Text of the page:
Shu Xiang, 21, started looking for a job in February and still has had no luck. A financial management major at a college in Chengdu, China, Ms. Shu said she has received five responses to about 100 applications. Graduation is in a few weeks.
“I’m not so confident about finding a job,” she said. The only thing that makes her feel less anxious, she said, is knowing she’s not alone — most of her classmates were facing similar problems.
Ms. Shu is one of nearly 12 million Chinese expected to enter the job pool next month at a difficult time. The government reported this week that 20.4 percent of people ages 16 to 24 looking for a job were out of work in April. That is the highest level since China started announcing the statistic in 2018.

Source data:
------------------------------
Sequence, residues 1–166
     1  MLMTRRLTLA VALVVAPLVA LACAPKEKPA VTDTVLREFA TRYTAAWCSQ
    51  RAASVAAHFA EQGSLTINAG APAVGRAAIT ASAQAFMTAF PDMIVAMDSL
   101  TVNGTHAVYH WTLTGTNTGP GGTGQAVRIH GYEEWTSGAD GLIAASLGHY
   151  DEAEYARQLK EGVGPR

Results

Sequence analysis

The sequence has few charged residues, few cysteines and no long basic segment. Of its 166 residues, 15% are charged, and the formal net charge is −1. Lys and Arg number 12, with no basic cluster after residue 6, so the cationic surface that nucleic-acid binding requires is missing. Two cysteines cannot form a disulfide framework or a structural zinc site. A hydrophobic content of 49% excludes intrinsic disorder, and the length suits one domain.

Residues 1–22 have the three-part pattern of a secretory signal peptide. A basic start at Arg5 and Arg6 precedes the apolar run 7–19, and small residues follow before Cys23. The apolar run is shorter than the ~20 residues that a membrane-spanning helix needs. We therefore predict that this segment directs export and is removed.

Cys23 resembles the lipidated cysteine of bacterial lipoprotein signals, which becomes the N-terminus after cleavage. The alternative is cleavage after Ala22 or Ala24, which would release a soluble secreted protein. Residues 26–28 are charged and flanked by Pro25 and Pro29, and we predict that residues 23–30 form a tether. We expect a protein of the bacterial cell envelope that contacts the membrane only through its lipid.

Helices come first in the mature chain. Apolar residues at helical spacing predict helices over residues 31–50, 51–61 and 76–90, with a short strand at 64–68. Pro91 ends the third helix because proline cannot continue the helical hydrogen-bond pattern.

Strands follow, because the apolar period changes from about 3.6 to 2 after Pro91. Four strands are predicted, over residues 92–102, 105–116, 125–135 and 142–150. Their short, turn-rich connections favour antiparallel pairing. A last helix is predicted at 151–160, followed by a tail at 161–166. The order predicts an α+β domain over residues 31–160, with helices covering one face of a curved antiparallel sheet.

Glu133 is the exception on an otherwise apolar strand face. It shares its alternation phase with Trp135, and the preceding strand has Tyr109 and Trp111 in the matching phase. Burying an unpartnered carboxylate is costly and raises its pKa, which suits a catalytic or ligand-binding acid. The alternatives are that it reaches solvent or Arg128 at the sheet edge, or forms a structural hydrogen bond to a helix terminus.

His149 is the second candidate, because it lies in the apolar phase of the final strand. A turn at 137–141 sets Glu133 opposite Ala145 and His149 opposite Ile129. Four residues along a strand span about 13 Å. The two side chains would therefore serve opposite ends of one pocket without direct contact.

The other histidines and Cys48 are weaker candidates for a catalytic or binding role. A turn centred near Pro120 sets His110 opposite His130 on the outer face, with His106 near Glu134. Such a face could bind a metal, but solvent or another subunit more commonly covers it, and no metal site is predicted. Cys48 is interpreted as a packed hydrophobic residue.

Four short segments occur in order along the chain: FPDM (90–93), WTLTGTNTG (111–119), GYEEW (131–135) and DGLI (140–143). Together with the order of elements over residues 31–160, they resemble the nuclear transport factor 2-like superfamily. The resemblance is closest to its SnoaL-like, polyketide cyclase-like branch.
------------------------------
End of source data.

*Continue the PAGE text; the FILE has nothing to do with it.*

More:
High youth unemployment has been a dark stain on China’s economy for several years, exacerbated by strict pandemic health restrictions limited travel, decimated small businesses and damaged consumer confidence. The government, facing rare…
This article was written by Claire Fu and originally published on www.nytimes.com